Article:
The health fair has been held every year since that first kick-off in 2006. Today, the health fair attracts crowds of people seeking free basic healthcare screenings and information. The mission of AHN is focused on the promotion of the health and well-being of Africans and people of African descent living both in the United States and abroad, and aims to provide information and accessibility to resources through the use of conferences, workshops, health fairs and on-going programs.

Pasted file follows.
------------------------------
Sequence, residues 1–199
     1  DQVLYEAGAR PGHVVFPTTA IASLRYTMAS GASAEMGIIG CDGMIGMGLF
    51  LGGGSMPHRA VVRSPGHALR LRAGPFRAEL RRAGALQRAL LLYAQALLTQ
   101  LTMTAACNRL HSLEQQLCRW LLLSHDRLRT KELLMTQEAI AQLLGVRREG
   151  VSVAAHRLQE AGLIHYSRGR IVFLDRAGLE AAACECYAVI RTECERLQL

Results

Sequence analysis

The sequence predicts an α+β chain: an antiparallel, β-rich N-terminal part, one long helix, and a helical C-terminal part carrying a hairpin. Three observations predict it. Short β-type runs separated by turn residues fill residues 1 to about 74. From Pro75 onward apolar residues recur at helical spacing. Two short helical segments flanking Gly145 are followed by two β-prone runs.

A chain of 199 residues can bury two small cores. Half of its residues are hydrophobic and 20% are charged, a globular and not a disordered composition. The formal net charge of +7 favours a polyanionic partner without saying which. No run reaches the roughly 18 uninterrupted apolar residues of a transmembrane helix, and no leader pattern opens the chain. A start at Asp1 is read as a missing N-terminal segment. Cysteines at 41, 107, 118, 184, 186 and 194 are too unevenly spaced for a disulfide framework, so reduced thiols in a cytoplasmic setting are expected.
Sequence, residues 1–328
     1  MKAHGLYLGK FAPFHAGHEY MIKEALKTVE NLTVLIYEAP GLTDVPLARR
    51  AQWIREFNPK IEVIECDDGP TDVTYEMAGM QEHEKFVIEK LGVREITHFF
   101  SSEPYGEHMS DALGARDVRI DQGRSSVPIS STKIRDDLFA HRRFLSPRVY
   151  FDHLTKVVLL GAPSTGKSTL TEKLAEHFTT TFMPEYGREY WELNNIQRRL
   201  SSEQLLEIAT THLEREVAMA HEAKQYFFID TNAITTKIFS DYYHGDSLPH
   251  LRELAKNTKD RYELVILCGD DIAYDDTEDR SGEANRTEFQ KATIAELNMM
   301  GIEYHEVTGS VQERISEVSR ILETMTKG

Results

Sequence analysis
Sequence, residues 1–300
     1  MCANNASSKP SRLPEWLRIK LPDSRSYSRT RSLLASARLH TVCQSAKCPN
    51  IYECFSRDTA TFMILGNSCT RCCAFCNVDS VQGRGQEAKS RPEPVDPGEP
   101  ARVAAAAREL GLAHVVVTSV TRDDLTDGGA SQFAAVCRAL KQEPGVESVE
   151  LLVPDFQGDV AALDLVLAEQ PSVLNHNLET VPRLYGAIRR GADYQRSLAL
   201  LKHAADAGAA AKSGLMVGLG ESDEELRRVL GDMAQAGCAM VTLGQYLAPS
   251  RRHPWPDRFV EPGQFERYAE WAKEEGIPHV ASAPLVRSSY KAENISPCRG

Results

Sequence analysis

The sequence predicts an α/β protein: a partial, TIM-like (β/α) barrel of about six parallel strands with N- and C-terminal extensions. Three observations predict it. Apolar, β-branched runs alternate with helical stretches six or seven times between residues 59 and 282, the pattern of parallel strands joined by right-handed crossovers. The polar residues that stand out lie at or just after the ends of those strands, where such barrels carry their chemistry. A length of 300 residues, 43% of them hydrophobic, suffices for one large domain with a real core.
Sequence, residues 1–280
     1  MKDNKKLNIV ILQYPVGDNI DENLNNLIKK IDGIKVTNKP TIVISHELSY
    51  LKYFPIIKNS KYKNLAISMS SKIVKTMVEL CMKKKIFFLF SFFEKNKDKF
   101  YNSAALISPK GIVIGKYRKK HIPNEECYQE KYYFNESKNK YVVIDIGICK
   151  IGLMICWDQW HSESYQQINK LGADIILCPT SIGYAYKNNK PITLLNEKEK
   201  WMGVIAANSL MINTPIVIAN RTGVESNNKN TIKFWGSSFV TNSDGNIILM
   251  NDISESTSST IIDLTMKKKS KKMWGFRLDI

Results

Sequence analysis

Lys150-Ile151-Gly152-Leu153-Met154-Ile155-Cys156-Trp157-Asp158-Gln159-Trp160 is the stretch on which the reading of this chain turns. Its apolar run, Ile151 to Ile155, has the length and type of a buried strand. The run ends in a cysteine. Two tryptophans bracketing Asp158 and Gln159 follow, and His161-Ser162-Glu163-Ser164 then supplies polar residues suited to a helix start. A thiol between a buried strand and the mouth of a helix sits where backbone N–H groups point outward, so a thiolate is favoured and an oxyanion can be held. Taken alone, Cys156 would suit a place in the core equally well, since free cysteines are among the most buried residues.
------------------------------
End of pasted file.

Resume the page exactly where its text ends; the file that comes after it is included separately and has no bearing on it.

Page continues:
nana eyeson1To date, AHN has partnered with various organizations – Millennium Cities Initiative Village in Old Tafo Kumasi, the Enslavement Prevention Alliance West Africa, Reach 4 Recovery, and the Susan G. Komen Accra Breast Cancer Center – willing to assist in fulfilling AHN’s long-term goals. This year, the health fair will be held on December 26, 2009 at the Tema Station in partnership with the Enslavement Prevention Alliance West Africa’s prevention of human trafficking. The fair will seek to address the health concerns of the women, men and children commonly known as “Kayayos” who live in the Tema Station under deplorable conditions. Kayayos are day-laborers who work long hours in the city usually carrying heavy loads from place to place for very little pay. Many of them have no place to call home and so they sleep wherever they can. Some kayayos are as young as 10 years-old, and many live far from their original hometowns in the Northern part of Ghana; some come voluntarily in search of greener pastures. Others are brought under the guise of being offered better opportunities that never pan-out.